To focus on anxiety is not typically people want to do. To focus on anxiety is not typically advised to people who want to overcome anxiety. Of course, to successfully overcome anxiety and find inner peace, it’s wise to focus on anything but anxiety. Ignoring anxiety — paying attention to what anxiety isn’t – is a powerful way to train the brain to think about other things. However, there are times when it’s actually helpful to focus on your anxiety; seriously.  Keep reading »

Anxiety lies to mask reality, but there are certain truths about you and anxiety that show that you are stronger than your anxiety. That you are stronger than your anxiety is actually another truth. In the last post, I exposed 12 lies anxiety tells you. The following 12 truths counter those lies. Read them. Ponder them. Believe the truths about you and anxiety.  Keep reading »

Anxiety lies to you. It tells you lies in order to bully you and control you. A common complaint among people living with one or more anxiety disorders is that they can’t get the racing thoughts of anxiety out of their head. A reason for this is that anxiety, seemingly without stopping, feeds lies directly into your brain. When we’re told something over and over and over again, we start to believe it. By telling you certain lies, anxiety strengthens itself so it can keep a hold on you and your life. See if you recognize any of these 12 common lies anxiety tells. Keep reading »

Reading helps me cope with my anxiety. Books have long provided a much longed for escape for me during my most anxious times. It has always been a great relief to think that in the space of a few moments, I could be coping with anxiety by reading. Reading lets me inhabit the thought processes of another person when the sheer, everyday business of living with anxiety and depression becomes all-consuming. When communicating adequately in real life feels like an impossible pursuit, I have found that reading allows me to find the right words for the feelings that all too often I bury deep inside. Reading helps me cope with anxiety in many other ways, too.

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Anxiety disorders can seem to shut people down, bound by too much worry and frozen in fear. “Fake it ’til you make it,” is a piece of friendly(ish) advice meant to motivate and encourage. At its essence, “fake it ’til you make it” assures people that they don’t have to feel confident in order to move forward. “Fake it ’til you make it” says it’s possible to get up and go no matter what. Is there truth in this, especially when it comes to anxiety disorders? Keep reading »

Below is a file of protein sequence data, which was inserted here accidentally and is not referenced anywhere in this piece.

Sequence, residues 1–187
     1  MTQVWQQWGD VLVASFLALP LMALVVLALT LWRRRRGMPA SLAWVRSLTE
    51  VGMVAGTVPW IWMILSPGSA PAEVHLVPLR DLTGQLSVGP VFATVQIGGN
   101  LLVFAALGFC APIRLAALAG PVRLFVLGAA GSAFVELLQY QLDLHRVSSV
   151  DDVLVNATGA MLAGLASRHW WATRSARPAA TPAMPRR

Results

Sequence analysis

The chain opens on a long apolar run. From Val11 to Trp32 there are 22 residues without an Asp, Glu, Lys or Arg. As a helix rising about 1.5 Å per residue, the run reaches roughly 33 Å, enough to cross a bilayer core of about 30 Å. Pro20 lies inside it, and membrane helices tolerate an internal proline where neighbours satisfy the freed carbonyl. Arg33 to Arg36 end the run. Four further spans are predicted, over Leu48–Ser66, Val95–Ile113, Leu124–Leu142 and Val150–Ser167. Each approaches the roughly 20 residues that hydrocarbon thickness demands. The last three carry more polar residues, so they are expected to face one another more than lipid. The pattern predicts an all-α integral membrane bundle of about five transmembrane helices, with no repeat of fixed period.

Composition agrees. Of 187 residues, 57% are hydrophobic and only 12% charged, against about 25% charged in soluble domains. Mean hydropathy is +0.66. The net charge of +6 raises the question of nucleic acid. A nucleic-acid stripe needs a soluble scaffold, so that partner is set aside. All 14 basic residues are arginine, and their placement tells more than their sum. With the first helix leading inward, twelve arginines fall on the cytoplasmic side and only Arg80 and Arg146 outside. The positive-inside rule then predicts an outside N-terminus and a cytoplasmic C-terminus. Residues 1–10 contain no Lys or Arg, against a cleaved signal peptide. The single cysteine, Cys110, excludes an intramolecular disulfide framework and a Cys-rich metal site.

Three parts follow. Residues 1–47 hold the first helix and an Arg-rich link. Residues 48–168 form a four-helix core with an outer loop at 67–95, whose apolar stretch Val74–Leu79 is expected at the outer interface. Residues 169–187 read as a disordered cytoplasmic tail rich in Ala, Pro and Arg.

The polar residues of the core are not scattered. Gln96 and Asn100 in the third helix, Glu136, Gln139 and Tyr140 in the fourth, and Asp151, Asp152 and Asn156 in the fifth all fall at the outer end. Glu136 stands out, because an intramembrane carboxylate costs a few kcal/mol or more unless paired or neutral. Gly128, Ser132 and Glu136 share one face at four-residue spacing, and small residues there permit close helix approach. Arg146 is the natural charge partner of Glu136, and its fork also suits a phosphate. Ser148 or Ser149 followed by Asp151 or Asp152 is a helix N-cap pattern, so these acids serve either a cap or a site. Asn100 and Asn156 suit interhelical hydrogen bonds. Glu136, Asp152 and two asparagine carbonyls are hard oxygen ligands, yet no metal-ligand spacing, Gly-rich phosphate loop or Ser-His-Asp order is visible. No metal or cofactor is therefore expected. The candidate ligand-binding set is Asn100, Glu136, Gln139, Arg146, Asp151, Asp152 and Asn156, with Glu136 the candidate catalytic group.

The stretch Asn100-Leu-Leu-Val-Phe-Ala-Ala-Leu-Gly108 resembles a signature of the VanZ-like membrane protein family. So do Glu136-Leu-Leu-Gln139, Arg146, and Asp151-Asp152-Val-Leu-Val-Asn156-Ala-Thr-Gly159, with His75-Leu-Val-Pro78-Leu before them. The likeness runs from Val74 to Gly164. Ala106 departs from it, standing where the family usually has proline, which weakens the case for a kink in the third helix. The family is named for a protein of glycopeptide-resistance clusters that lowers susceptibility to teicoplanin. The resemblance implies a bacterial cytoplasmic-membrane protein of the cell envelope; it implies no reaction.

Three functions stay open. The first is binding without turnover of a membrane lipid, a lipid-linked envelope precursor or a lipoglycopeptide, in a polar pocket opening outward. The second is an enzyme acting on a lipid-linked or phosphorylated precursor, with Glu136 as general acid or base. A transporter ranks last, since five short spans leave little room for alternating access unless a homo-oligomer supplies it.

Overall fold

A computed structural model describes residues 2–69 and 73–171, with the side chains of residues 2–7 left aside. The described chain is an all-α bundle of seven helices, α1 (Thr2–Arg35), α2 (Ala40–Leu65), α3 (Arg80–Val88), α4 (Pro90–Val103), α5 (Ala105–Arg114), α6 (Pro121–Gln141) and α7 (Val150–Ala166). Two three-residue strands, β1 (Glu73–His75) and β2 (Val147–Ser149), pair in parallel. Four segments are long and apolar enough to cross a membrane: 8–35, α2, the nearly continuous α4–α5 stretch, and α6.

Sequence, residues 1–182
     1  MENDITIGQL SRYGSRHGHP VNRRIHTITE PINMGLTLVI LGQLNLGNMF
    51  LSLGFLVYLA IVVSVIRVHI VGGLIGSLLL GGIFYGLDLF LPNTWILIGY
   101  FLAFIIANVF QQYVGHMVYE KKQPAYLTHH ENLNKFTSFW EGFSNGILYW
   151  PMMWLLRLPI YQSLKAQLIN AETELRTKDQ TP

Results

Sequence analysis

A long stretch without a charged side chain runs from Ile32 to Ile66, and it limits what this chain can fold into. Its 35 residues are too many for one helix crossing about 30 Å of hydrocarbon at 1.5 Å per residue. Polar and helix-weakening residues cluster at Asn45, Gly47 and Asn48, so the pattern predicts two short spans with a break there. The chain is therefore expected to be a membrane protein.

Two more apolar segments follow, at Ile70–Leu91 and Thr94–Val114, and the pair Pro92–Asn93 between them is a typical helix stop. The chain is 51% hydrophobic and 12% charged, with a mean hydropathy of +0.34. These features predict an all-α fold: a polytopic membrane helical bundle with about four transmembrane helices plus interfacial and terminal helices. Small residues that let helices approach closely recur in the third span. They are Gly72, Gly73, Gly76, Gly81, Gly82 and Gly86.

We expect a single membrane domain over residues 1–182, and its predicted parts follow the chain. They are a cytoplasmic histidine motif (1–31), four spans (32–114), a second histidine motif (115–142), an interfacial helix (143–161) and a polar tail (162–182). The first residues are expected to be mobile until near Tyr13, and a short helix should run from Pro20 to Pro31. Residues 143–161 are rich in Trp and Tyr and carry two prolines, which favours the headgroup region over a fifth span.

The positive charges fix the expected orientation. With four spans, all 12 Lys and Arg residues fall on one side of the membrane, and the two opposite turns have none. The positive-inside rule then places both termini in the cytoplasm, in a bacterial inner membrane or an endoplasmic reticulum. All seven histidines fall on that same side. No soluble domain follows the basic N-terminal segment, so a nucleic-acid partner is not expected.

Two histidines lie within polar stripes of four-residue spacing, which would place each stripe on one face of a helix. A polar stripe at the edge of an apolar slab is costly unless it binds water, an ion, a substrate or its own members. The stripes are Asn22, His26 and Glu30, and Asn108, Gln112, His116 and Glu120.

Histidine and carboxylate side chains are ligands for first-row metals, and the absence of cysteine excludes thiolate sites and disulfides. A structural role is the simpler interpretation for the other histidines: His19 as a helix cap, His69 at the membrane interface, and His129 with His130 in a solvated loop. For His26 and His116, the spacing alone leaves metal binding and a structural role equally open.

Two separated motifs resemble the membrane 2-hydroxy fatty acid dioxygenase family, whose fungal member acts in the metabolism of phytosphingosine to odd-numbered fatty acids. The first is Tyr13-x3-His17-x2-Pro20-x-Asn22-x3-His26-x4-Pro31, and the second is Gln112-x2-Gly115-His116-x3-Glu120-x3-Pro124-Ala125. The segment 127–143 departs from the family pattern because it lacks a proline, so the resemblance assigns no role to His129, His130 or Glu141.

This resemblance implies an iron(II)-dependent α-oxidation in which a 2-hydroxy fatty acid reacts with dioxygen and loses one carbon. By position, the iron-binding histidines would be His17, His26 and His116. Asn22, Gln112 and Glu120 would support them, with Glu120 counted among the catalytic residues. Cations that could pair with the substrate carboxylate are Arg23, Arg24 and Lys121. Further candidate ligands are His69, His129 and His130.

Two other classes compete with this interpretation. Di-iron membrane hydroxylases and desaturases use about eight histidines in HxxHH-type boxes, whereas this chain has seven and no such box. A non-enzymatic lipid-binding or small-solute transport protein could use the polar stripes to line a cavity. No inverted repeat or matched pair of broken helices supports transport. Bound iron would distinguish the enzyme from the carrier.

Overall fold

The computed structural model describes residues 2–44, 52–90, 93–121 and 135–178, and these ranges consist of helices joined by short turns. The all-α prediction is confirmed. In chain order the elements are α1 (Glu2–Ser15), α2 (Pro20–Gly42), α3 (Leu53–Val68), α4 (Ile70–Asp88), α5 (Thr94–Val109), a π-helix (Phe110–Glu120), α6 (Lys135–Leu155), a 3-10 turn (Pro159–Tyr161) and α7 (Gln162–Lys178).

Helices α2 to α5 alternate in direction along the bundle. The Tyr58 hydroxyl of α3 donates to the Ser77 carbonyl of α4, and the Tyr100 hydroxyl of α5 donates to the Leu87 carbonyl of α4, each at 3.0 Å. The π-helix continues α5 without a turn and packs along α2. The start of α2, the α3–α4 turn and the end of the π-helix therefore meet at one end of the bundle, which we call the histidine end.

A very effective way to reduce anxiety is to do more of what works in your life. However, any type of anxiety disorder can seem to completely take over someone’s entire being, his/her very life. Anxiety can consume our thoughts, emotions, and behaviors, making us feel trapped, isolated, agitated, worried, and afraid. When living with an anxiety disorder, it can be hard to see past all of the struggles and all of the things that aren’t working in life. It’s possible to get around that, and in the process, significantly reduce anxiety. To reduce anxiety, do more of what works. Keep reading »

Anxiety and depression, while different, often occur together (Relationship Between Depression And Anxiety). It has been estimated that half of all adults who have been diagnosed with an anxiety disorder or major depression also experience the other.1 This double whammy is especially challenging—and annoying, to under-exaggerate. Why is it that anxiety and depression can occur together? Researchers are hard at work investigating this very question. The answer is a work in progress, but these four reasons help explain why anxiety and depression often occur together. Keep reading »

Try as we might, we humans never quite get over the desire to be liked and sometimes with anxiety, we feel unlikeable (Anxiety Says Everyone Hates Me). Being considered to be socially acceptable holds great importance for us whether we are starting a new job or joining in a game of hide and seek in the playground. The need to be liked can, in many instances, override the, arguably, more fulfilling need to shape yourself as an individual. I would argue that having an anxiety disorder complicates this desire even more. Speaking as a person with an anxiety disorder, I tend to meet a person for the first time with the overwhelmingly glum presumption that they will either instantly dislike me or, best case scenario, will inevitably grow to dislike me over time. With anxiety, I feel unlikeable.

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Anxiety is a burden that involves excessive worry and fear. When we live with anxiety and its worry and fear, we give up things in life that were once joyful. It’s not that we want to give up what we love; instead, anxiety is so all-consuming that it’s heavy and burdensome. Anxiety is hard to carry. The following simple short story illustrates just how burdensome anxiety, worry, and fear can be. It can also be a tool to help children cope with fear and anxietyKeep reading »

Can anxiety disorders come from a traumatic brain injury? Anxiety disorders can be challenging, and it’s natural to want to know what causes them. Anxiety disorders, like all mental illnesses, are disorders of the brain. The brain is an organ of the body, and it can experience disease and/or injury just like any other organ. Traumatic brain injury (TBI) can cause serious damage inside the brain. Depending on what part of the brain is damaged, TBI can lead to mental illness. Anxiety disorders can, indeed, come from a brain injury. Keep reading »